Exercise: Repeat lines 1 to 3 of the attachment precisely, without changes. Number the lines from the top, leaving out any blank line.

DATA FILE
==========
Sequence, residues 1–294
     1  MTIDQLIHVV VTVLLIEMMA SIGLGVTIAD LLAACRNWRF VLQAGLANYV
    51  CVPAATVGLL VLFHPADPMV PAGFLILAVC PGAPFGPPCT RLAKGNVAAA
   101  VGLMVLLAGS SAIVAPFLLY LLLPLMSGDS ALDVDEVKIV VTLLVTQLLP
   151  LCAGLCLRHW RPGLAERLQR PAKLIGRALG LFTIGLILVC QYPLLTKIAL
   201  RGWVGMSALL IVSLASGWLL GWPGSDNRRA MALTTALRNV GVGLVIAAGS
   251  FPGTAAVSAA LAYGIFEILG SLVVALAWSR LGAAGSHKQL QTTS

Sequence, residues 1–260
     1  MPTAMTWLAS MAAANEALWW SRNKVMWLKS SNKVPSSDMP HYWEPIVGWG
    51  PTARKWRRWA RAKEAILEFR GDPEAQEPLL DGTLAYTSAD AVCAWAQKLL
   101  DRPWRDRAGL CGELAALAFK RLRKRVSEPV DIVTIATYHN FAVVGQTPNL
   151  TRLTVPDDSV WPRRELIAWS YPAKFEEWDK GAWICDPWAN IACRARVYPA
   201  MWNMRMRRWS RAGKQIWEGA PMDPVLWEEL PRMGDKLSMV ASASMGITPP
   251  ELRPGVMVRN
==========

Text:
Sequence, residues 1–294
     1  MTIDQLIHVV VTVLLIEMMA SIGLGVTIAD LLAACRNWRF VLQAGLANYV
    51  CVPAATVGLL VLFHPADPMV PAGFLILAVC PGAPFGPPCT RLAKGNVAAA